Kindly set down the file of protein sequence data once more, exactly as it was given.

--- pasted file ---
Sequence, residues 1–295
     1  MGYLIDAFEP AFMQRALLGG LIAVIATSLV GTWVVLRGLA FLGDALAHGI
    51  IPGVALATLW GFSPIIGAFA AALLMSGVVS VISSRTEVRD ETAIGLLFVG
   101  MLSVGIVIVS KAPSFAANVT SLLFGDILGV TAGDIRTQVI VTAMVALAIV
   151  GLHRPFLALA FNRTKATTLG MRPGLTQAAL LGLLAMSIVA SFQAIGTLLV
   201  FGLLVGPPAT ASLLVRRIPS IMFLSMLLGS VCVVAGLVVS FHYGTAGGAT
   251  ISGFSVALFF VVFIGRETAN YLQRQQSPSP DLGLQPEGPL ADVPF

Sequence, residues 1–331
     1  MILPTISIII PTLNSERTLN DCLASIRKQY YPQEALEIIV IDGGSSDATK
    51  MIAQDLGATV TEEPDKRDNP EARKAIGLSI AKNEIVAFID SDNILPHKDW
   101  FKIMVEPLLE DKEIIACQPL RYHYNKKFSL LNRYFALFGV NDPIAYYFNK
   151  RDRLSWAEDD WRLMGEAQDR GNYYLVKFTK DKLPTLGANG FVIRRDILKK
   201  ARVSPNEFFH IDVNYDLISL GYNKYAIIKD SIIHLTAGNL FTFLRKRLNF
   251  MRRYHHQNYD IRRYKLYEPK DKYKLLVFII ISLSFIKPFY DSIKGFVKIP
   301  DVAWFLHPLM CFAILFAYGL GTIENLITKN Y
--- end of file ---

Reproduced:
Sequence, residues 1–295
     1  MGYLIDAFEP AFMQRALLGG LIAVIATSLV GTWVVLRGLA FLGDALAHGI
    51  IPGVALATLW GFSPIIGAFA AALLMSGVVS VISSRTEVRD ETAIGLLFVG
   101  MLSVGIVIVS KAPSFAANVT SLLFGDILGV TAGDIRTQVI VTAMVALAIV
   151  GLHRPFLALA FNRTKATTLG MRPGLTQAAL LGLLAMSIVA SFQAIGTLLV
   201  FGLLVGPPAT ASLLVRRIPS IMFLSMLLGS VCVVAGLVVS FHYGTAGGAT
   251  ISGFSVALFF VVFIGRETAN YLQRQQSPSP DLGLQPEGPL ADVPF

Sequence, residues 1–331
     1  MILPTISIII PTLNSERTLN DCLASIRKQY YPQEALEIIV IDGGSSDATK
    51  MIAQDLGATV TEEPDKRDNP EARKAIGLSI AKNEIVAFID SDNILPHKDW
   101  FKIMVEPLLE DKEIIACQPL RYHYNKKFSL LNRYFALFGV NDPIAYYFNK
   151  RDRLSWAEDD WRLMGEAQDR GNYYLVKFTK DKLPTLGANG FVIRRDILKK
   201  ARVSPNEFFH IDVNYDLISL GYNKYAIIKD SIIHLTAGNL FTFLRKRLNF
   251  MRRYHHQNYD IRRYKLYEPK DKYKLLVFII ISLSFIKPFY DSIKGFVKIP
   301  DVAWFLHPLM CFAILFAYGL GTIENLITKN Y